Thankfully though, after some online digging, I came across this Reddit post which described a great workaround. Export as JSON, import via Bear (which I had considered as a Day One replacement, but was deterred due to subscription fees for syncing across platforms), export the posts as markdown, and then finally import those markdown posts into Joplin. I was elated when I saw the process working, it had preserved tags, date and times, and of course all the diary entries. I had some of the motivational quotes as images, and these didn’t import successfully, but an easy workaround was to export those in Rich Text, and just accept they would lose their dates and times – not the worst thing in the world for quotes.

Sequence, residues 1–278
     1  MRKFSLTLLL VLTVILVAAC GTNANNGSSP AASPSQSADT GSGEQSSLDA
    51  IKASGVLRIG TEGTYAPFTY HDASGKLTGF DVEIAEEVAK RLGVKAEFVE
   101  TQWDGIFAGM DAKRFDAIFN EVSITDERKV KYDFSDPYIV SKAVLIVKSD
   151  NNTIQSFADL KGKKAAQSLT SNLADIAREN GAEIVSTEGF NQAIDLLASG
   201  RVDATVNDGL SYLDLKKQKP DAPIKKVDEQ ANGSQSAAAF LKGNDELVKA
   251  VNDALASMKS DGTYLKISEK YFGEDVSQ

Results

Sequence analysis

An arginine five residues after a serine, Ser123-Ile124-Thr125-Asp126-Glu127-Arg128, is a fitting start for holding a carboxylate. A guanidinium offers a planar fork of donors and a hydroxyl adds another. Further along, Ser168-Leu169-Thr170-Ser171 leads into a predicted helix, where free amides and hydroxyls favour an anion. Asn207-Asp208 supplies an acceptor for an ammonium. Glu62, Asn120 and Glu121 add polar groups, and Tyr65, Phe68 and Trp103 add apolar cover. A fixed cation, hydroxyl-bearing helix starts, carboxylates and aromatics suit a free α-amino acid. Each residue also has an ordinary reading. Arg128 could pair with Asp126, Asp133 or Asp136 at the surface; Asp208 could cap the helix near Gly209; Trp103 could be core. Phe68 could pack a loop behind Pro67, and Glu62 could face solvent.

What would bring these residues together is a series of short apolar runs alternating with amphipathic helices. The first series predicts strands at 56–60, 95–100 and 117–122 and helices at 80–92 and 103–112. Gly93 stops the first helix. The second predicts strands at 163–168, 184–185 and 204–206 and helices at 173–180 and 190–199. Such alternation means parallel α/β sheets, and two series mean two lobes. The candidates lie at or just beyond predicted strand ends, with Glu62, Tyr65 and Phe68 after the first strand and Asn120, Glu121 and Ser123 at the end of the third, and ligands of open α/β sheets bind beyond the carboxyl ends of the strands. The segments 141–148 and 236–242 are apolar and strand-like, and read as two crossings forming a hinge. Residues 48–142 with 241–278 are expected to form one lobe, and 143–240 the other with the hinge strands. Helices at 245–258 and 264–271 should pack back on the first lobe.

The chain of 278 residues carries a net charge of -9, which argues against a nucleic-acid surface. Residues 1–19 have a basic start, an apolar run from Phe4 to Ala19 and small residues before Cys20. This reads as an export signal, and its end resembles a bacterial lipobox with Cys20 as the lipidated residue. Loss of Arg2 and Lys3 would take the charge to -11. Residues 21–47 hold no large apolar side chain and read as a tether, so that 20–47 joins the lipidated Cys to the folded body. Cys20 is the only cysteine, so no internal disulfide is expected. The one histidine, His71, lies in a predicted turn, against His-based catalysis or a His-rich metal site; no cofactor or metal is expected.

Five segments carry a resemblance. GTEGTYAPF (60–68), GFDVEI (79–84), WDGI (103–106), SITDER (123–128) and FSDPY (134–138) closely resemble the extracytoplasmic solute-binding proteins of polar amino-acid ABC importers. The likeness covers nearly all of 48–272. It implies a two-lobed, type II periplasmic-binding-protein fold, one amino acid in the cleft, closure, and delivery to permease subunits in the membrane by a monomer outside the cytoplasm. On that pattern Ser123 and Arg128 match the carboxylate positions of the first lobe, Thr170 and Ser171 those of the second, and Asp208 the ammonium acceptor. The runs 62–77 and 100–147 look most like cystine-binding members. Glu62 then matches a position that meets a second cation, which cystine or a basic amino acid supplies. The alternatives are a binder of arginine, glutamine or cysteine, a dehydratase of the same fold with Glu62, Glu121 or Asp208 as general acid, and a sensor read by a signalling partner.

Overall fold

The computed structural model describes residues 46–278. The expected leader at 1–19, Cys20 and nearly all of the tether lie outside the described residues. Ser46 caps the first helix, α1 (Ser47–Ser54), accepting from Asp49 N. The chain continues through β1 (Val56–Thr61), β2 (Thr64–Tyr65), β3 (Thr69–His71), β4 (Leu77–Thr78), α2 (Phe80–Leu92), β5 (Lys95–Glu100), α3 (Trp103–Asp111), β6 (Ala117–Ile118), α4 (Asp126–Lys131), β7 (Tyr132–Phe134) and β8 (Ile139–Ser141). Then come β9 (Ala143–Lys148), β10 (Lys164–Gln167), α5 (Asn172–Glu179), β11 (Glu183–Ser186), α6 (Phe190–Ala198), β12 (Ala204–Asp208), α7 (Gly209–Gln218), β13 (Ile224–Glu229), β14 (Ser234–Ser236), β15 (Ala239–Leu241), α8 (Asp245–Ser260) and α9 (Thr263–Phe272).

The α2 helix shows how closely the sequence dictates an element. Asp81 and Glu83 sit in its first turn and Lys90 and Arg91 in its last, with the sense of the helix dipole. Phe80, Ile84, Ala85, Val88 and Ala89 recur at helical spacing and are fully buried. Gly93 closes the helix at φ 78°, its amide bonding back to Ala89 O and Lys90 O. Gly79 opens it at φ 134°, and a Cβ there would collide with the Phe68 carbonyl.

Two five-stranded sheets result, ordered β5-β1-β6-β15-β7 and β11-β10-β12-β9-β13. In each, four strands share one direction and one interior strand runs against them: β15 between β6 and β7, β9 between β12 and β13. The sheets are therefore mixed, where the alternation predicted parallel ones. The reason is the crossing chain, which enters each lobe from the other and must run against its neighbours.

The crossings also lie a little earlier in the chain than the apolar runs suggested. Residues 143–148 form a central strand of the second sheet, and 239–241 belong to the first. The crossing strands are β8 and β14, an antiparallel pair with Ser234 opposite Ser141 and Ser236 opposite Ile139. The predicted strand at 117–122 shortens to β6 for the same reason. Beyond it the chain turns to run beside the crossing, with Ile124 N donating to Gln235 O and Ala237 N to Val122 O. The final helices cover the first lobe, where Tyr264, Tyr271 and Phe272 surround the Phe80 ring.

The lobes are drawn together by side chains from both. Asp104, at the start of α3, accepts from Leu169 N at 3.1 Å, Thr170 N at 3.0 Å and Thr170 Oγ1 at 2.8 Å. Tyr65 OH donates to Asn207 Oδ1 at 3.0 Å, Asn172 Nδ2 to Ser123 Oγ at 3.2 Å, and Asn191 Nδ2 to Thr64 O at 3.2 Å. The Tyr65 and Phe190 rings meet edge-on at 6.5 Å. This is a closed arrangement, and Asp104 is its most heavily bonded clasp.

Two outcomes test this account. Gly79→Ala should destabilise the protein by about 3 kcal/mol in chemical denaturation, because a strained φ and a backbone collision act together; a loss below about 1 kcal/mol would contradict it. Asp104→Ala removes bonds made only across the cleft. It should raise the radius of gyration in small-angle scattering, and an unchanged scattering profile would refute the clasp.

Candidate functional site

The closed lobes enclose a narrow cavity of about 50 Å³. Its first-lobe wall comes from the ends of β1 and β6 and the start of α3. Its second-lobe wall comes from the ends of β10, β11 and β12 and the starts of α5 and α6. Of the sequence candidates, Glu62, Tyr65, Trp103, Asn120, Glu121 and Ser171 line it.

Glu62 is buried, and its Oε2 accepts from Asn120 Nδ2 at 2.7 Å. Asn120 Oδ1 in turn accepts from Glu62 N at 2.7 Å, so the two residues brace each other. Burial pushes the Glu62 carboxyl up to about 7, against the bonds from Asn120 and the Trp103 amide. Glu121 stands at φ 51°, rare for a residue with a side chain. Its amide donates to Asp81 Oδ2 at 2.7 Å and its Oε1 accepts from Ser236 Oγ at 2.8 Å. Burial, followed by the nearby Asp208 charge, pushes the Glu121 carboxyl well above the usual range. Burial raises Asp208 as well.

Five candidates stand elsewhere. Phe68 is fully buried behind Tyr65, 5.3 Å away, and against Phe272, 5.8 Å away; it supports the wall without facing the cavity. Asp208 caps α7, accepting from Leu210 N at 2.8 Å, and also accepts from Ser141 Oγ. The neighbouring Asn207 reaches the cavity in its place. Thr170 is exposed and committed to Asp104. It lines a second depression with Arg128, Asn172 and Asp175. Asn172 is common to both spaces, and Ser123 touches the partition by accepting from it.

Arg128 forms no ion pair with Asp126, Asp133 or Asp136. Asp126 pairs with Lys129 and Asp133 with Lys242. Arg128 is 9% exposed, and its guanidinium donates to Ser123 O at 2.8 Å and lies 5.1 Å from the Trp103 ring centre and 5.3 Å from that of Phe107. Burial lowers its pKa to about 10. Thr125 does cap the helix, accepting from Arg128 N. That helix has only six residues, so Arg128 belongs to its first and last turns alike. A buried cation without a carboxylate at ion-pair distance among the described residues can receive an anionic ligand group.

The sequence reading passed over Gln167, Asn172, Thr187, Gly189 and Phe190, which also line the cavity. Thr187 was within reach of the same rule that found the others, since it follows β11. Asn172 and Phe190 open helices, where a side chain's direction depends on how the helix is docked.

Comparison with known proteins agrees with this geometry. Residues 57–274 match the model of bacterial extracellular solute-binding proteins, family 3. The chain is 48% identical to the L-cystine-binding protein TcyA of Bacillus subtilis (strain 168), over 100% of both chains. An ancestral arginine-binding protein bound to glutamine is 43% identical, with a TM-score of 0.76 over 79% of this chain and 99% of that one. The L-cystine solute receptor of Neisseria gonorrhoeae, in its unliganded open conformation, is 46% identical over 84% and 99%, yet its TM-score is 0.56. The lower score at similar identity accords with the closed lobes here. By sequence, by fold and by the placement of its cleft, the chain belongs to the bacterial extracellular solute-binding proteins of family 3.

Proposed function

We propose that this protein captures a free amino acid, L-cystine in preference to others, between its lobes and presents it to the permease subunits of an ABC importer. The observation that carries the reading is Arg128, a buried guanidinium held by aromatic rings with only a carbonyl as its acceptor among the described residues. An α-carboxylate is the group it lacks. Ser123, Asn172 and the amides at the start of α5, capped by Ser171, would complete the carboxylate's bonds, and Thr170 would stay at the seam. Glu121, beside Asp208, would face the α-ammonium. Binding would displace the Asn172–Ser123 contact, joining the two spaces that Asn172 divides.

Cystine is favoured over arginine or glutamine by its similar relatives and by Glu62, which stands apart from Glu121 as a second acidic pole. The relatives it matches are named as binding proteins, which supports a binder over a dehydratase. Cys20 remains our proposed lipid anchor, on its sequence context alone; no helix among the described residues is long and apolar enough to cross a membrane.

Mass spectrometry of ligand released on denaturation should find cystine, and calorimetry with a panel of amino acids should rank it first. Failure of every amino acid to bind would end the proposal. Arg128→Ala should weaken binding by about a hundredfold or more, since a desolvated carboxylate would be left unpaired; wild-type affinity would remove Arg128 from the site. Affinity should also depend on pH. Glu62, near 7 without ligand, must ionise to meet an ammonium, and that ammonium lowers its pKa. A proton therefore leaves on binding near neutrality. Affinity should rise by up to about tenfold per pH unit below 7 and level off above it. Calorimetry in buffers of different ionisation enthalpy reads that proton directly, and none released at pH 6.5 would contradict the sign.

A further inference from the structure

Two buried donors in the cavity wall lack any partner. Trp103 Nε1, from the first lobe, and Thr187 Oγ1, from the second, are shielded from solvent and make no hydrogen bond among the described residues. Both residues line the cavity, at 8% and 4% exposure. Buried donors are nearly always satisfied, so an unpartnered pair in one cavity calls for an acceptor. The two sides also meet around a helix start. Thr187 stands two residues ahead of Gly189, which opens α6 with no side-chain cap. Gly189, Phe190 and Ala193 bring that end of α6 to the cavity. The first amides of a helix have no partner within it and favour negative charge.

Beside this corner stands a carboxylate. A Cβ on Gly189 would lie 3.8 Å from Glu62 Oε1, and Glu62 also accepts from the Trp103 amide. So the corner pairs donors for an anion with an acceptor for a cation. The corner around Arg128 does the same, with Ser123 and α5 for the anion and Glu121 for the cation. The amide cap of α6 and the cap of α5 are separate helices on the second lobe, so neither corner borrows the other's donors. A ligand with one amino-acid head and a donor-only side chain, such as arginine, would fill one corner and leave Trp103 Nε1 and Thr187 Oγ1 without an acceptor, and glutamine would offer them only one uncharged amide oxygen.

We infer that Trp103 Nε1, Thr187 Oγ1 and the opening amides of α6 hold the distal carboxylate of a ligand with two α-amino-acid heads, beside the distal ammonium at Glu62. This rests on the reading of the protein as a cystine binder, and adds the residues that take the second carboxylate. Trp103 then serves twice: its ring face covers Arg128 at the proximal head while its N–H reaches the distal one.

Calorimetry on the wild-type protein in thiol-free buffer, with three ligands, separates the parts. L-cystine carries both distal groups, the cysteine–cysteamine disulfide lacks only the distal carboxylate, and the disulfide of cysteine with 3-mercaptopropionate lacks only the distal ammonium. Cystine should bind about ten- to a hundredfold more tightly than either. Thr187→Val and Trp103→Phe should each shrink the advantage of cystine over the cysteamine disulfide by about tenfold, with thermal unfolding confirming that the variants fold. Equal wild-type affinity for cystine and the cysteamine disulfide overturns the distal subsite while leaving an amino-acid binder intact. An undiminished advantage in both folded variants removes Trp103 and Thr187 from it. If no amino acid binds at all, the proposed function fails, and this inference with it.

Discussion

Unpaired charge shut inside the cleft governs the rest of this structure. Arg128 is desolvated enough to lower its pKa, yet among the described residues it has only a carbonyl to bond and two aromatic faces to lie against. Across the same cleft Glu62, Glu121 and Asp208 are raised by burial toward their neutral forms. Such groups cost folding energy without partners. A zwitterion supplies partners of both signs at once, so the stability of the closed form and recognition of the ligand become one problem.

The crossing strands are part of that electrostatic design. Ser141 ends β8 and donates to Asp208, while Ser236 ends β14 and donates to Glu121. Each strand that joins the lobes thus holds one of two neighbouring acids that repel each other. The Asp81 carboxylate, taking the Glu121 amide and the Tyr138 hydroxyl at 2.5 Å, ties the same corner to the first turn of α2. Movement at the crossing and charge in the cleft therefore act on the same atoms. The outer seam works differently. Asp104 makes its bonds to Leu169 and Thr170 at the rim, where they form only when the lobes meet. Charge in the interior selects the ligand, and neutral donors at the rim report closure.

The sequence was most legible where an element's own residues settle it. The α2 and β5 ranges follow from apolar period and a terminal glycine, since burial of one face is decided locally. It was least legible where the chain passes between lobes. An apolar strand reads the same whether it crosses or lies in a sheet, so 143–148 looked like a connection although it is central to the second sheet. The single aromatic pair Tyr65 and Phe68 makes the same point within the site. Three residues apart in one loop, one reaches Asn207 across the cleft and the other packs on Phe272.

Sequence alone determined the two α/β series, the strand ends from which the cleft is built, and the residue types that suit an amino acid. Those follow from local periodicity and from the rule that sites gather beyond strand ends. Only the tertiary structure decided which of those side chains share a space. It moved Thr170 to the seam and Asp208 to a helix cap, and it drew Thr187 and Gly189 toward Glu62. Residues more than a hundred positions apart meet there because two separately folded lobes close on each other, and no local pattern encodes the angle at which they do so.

Satisfied with the outcome, I deleted everything from Bear, thanked it for saving me countless amounts of hours I would have otherwise needed to manually migrate the entries over, and uninstalled it. I cleared up my random lists from SimpleNote, deleted my account, and uninstalled too, then finally came to Day One. I made sure everything was backed up in case I needed to do the Bear trick again, and then deleted all the entries before uninstalling.
I’m not sure which application I would recommend for journaling cross-platform without subscription fees, I think that is something people will need to just experiment and trial out for themselves. What I can say with confidence is to avoid Day One. Sure, it may work great on a Mac with all its fancy features, but the fact it was such a pain to export my entries out of it is enough to dissuade me. I don’t appreciate companies making it harder than it ought to when it comes to accessing my own content. UpNote, Joplin and Bear both have plenty of options for exporting your content, without locking you into its platform making it difficult to leave, Day One should be able to do the same.